By Shola Oyeyipo in Abuja
To effectively rid Africa of endemic corruption, which has been the bane of development in the continent, President Muhammadu Buhari has advised that anti-corruption agencies in African countries should come up with robust methods to prevent corruption.
President Buhari, who gave the advice Monday when he addressed delegates to the Corruption Risk Assessment (CRA) training for heads and senior officials of anti-corruption agencies in the African Union (AU), held at the behest of the Nigerian government at the banquet hall of the presidential villa, Abuja, said: “Our continent has suffered from the severe consequences of corruption and it is imperative that we take steps to reverse the trend.”
Noting that the training, facilitated by the Anti-Corruption Academy of Nigeria (ACAN), the research and training arm of the Independent Corrupt Practices and Other Related Offences Commission (ICPC), was part of his government’s support for the war against corruption in Africa, President Buhari told participants to be conscious of the fact that corruption is hard to combat and that it fights back.
Drawing inference from his experience in combating corruption in Nigeria and insisting that the fight against corruption is a battle for the souls of different countries that must be won, he said: “When we assumed office in May 2015, the pervasive nature and devastating impact of corruption on the Nigerian nation had become dysfunctional. The momentum for our electoral victory could not be separated from the revolt of the people against glaring endemic corruption.
“During the past several months, we have been taking steps to institute integrity and transparency in the processes of government and holding those who have plundered our commonwealth to account for their actions.
“However, the costs of recovery and sanctions are also enormous. While commendable successes have been recorded, it has become manifest that corruption fights back. With enormous stolen resources, elements have attempted to compromise law enforcing institutions and pervert the course of justice.
“This realisation highlights the necessity of building a system that focuses on preventing corruption. We continue to implement policies aimed at building resilient systems that can withstand assault by corrupt officials.
“Our steps in this direction include the full implementation of both the Treasury Single Account (TSA) and the Bank Verification Number (BVN) the Open Government Partnership, various Executive Orders, strengthening the Anti-Corruption Agencies and permitting their full autonomy.
“It is in this context of building robust preventive systems that we must understand this initiative which aims to train leaders of anti-corruption agencies in the African Union by deploying Corruption Risk Assessment Methodology for corruption prevention in our countries.”
The president said CRA seeks to identify corruption-prone processes and procedures in organisations and recommend appropriate remedial steps, noting that it places a premium on prevention as an effective complement to enforcement in the war against corruption.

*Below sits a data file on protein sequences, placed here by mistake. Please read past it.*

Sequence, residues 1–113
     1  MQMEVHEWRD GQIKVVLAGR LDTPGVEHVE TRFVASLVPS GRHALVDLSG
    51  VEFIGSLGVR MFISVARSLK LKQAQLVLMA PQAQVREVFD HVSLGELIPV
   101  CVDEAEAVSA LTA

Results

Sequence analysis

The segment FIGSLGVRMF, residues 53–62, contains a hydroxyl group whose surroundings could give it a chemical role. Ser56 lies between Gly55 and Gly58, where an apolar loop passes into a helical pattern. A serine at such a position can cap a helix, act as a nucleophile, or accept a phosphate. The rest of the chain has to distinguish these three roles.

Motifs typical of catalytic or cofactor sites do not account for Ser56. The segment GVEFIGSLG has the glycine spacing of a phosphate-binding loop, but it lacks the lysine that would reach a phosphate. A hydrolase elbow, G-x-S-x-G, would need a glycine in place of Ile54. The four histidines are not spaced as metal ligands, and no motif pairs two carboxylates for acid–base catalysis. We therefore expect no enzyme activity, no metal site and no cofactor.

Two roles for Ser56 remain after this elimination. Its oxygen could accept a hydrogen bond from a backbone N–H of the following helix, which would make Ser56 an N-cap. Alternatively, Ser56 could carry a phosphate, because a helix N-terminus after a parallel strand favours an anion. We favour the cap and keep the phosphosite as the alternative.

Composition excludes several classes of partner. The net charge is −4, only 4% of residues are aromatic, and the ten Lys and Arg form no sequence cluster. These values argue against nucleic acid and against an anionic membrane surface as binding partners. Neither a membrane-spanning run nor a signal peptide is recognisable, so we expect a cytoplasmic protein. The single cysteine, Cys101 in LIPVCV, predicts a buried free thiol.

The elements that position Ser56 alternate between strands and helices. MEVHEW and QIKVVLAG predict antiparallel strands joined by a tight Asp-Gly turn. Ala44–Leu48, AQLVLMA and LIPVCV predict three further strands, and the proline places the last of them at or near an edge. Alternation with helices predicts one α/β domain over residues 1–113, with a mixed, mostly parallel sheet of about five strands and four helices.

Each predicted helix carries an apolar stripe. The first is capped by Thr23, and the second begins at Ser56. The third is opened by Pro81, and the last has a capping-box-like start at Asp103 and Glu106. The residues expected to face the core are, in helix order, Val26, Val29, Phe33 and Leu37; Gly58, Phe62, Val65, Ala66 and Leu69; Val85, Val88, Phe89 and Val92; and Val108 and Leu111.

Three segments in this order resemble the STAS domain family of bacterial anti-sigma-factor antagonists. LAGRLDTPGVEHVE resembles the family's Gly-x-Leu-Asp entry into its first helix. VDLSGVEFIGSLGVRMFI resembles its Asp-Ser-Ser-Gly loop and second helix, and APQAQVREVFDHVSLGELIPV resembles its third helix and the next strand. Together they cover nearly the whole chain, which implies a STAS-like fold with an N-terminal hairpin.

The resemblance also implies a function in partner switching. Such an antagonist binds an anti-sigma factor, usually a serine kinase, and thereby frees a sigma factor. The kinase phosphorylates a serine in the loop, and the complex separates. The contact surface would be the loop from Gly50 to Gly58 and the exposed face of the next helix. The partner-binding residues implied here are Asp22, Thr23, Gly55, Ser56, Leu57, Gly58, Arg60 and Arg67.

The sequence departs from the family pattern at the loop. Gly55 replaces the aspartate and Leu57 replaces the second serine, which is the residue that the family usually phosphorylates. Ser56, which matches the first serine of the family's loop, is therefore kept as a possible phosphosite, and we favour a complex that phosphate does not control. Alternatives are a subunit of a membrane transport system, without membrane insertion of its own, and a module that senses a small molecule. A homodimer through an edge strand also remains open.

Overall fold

Acknowledging that through support from the United Nations Development Programme (UNDP) in 2016, the Anti-Corruption Academy of Nigeria acquired the capacity to conduct training on CRA, he said since then, the academy has conducted a number of training it is giving the anti-corruption bodies of other African countries.
He said the training is an opportunity to extend the benefits of this methodology to other African countries, adding that: “By which it is clear that we have not taken our appointment as Anti-Corruption Champion for the continent for the year 2018 lightly.”
Buhari added that the CRA methodology has been deployed to a number of sectors.
“The most recent one being the risk assessment of the country’s e-government system whose report is now available,” imploring benefitting countries to work assiduously to implement the recommendations of the report.
The acting Chairman, ICPC, Dr. Musa Usman, described CRA as one of the preventive tools employed by ICPC to plug systemic loopholes which provide opportunity for corruption in the public sector.
He said it was first deployed in Nigeria in 2011 with the assistance of the United Nations Development Programme Virtual School in Bogota.
“When loopholes and leakages in the systems are plugged, people will be denied access to public funds and as such will not have the opportunity to misappropriate it. This is against pursuing individuals after the deed is done, an action that drains a lot of resources amidst challenges that create uncertainty of outcomes. To this end, ICPC stands on the principle that an ounce of prevention is worth more than a tonne of remedy,” Usman said.
The Provost, Anti-Carruption Academy of Nigeria, Prof. Sola Akinrinade, said: “The principal strategy of the academy in its engagements with the public sector is to build capacity of individual agencies and sectors to tackle corruption within their respective systems.”